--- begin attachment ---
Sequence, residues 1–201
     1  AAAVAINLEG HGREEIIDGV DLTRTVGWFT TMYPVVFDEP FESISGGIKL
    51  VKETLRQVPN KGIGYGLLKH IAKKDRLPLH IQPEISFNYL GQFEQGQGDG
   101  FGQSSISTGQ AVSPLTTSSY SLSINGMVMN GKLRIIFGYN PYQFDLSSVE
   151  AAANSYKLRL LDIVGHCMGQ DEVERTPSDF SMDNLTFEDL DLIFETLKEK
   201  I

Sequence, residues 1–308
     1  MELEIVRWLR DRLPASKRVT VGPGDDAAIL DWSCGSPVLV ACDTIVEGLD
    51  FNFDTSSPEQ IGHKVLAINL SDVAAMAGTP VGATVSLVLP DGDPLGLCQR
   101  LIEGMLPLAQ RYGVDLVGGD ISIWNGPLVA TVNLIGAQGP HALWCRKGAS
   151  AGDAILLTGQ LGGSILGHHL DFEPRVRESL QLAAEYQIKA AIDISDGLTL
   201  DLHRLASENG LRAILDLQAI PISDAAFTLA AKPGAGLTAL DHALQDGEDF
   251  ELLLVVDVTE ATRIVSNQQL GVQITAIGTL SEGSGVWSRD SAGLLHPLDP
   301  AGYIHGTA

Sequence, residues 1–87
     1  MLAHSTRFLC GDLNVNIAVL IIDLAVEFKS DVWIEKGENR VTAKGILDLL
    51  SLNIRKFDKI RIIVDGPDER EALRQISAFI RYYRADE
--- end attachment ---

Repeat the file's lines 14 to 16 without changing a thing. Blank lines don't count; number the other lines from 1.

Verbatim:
   301  AGYIHGTA

Sequence, residues 1–87
     1  MLAHSTRFLC GDLNVNIAVL IIDLAVEFKS DVWIEKGENR VTAKGILDLL